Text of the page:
Both men said they support the 2nd Amendment, the death penalty and are against abortion, but acknowledged only one of those issues would come into play if elected to serve the next eight years as DA of the First Judicial District.
Some of the questions, such as the 2nd Amendment and abortion issues, were designed with legislative candidates in mind, according to moderator Kay White, but the debate didn’t include those candidates in Tuesday’s event. White announced there may be a legislative candidate debate later this month.
The questions were hard from the beginning; particularly it seemed on Clark as he was basically asked to defend how he does his job. That first question asked both about “mistakes” made by Clark and his office and how those have been remedied.
Clark acknowledged that he and his staff have made mistakes during his eight-year term, but it will happen in the future as well because “we’re human.” And learning from those mistakes is “how we grow,” he said.
Smith has campaigned hard that there should be an across-the-board manner to deal with cases between the four-county judicial district, which he said would cut down on mistakes.
“You have to have a process. You have to have everyone working off the same page,” Smith said. He has promised to have a more streamlined process in how cases are handled county to county.
“One of the biggest problems is the way we handle the sentencing phase,” Smith said. If a defendant gets probation against the state’s recommendation, “you appeal it,” he said. “Have everybody on the same page. I suggest that’s not going on in the District Attorney’s Office today.”
Another moderator question asked Smith about him identifying himself as a Republican but running for DA as a “conservative Independent.”
Smith said, as he has before, that he chose to run as an Independent for two reasons — first there was not a Republican primary held in Johnson County so those voters didn’t get a say in who the Republican candidate would be, and second, the DA does not make policy and therefore should not be a partisan office.
In response to that, Clark said he is a life-long Republican and he would not run a race any other way. He said it’s not about handling cases in a conservative or liberal manner, but that the job is about following the law.
Smith was asked about his experience with murder cases, to which he acknowledged that he has not tried one. Smith spent much of his law career as a Judge Advocate in the Marine Corps and as a federal prosecutor handling large drug cases.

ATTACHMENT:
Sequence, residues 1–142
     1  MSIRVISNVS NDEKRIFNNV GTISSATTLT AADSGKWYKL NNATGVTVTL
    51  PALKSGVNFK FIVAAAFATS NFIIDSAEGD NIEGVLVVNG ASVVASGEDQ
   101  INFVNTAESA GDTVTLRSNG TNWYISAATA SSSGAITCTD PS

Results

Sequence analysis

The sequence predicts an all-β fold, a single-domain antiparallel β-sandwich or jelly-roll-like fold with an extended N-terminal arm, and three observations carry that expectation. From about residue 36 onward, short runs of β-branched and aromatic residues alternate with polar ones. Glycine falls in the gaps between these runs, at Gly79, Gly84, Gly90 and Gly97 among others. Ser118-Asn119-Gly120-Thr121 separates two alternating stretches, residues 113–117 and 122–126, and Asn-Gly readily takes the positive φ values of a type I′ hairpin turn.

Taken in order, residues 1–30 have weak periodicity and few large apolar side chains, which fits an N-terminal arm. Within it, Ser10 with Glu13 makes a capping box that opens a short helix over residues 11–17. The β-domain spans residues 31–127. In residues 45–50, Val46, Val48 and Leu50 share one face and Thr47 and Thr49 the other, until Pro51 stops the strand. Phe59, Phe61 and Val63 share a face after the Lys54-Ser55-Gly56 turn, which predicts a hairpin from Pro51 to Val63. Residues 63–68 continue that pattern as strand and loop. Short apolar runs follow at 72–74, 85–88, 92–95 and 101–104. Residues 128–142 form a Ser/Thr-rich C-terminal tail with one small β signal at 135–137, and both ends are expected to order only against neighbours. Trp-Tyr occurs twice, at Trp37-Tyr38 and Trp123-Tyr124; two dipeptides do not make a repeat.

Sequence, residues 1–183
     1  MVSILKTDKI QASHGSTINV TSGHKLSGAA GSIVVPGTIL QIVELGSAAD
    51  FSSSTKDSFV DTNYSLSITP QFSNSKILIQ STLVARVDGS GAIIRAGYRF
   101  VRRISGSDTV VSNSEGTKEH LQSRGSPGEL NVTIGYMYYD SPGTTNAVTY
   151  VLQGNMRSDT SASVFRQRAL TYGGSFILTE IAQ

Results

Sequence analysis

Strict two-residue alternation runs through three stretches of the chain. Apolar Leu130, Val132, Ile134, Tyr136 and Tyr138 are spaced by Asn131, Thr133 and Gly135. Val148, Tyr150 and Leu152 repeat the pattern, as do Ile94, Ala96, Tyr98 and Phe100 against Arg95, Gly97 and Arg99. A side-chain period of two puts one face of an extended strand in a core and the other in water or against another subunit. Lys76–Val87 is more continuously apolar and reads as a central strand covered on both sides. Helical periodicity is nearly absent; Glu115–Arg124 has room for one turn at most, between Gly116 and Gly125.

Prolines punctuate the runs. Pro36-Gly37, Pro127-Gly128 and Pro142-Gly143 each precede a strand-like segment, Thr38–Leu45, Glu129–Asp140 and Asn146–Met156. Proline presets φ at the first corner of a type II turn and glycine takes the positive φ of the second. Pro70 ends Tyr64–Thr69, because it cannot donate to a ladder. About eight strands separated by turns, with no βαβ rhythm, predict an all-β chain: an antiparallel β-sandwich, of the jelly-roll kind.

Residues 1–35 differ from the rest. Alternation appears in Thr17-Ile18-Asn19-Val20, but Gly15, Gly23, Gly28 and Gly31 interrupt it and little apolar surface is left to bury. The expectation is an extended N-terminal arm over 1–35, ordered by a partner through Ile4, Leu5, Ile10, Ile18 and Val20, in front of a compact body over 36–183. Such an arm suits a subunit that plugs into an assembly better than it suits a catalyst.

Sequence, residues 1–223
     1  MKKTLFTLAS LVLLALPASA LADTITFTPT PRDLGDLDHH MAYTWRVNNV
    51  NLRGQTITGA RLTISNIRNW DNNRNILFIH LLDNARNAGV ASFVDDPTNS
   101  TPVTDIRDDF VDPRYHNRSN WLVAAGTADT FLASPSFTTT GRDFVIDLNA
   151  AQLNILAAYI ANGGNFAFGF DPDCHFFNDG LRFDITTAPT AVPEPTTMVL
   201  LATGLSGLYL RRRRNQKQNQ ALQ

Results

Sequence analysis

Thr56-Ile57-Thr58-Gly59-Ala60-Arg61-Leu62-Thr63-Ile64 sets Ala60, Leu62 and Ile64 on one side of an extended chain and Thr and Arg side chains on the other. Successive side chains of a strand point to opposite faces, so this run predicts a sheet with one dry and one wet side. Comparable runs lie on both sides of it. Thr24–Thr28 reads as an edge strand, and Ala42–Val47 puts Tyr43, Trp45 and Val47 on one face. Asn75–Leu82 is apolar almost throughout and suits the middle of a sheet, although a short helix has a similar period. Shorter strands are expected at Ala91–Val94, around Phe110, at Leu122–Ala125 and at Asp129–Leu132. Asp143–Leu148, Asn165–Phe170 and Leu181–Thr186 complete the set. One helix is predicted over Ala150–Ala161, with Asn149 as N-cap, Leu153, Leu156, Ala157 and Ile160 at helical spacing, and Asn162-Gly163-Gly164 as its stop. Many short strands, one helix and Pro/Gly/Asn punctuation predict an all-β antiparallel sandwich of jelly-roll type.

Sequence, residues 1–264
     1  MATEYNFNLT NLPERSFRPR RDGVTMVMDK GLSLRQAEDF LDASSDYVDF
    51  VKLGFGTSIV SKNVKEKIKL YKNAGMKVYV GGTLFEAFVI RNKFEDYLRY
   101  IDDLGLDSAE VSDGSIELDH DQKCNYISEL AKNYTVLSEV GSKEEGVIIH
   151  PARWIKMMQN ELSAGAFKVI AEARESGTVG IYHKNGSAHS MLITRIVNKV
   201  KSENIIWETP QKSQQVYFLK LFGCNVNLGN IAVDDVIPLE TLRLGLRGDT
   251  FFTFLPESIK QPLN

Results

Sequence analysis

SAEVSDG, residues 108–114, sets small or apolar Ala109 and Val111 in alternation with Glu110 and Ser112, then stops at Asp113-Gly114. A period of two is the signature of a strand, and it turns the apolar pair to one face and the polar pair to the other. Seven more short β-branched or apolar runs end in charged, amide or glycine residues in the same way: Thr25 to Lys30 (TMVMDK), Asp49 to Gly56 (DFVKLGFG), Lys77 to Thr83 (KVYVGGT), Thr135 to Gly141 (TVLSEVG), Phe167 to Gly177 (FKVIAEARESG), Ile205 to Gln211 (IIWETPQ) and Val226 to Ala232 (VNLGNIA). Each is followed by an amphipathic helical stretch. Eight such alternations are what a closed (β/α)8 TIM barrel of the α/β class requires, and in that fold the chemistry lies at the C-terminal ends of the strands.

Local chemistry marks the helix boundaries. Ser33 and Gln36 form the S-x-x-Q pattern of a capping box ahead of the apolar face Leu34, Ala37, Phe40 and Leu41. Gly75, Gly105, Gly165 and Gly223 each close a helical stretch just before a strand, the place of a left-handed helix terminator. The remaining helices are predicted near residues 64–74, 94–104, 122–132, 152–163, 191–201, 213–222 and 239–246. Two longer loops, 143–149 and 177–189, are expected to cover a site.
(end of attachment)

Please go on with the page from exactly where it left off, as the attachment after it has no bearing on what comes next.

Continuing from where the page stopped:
Smith ended his answer pointing out, erroneously as it turned out, that until becoming DA that Clark had not handled a murder case. Clark corrected Smith and said he had actually tried several murder cases involving homicides at the state prison in Johnson County.
Another topic was child support and how the division is operated within the District Attorney’s Office. Clark said he’s proud of the work his two-attorney child support division does. He said there are currently 12,000 to 13,000 open child support cases and the division collected $13 million in the last fiscal year. He also said his office is required to contract with the Department of Human Services to handle child support in the district.
“Right now, 20 of the 31 DA’s have child support offices under their watch. The rest of them are privatized. I have no intention of changing that,” Clark said.
Smith said he has no intention of making any initial changes if he’s elected DA, but he questioned how well the office is handling child support.
“When you talk about 13,000 open cases, then you’re talking about a complete and total need for a process,” Smith said, adding that he would like to know how many cases were actually closed in the last six months instead of how many cases are active.
Clark said the problem is that he has two child support attorneys now, just as the office had 20 years ago. The need is for more funding from the Department of Human Services to handle the case load, he said.
Both men were asked if they had a “burning desire” to be district attorney. Clark talked about his family ties to the first district and how being DA is his dream job.
“I’ve been prosecuting for 20 years. All of that time has been in East Tennessee. That’s not to say anything about where Mr. Smith is from,” Clark said. “But I think that’s very important because I’ve established relationships with law enforcement here, Johnson, Unicoi and Carter County. I am very passionate about being the DA. This is my life. I’ve worked in the community for 25 years … I taught at East Tennessee State University; I attended East Tennessee State University. I’ve been here my whole life,” adding that his father’s family has been in Carter County seven generations and his mother’s family has been there for six generations.
“Knowing the people you work with on a daily basis … I have a relationship with those people,” he said.
But Smith, who has lived in Alabama, California and Texas before moving to East Tennessee, said being DA is not a “birth right,” and he moved here because he wanted to live here.
“I had no family, I had no friends. I sent my wife up here from Beaumont, Texas,” to see if she liked it. If so, he would seek a job in the U.S. Attorney’s Office in Greeneville. She liked it so much, he said, that she told him she was staying if he moved or not.
“I would never leave here. The reason I’m running for this job is I don’t want to retire,” he said. “This is what I do. This is what my life has been since I graduated from law school. This is what I’m very good at,” he said.
Early voting begins Friday, and the General Election is Aug. 7.
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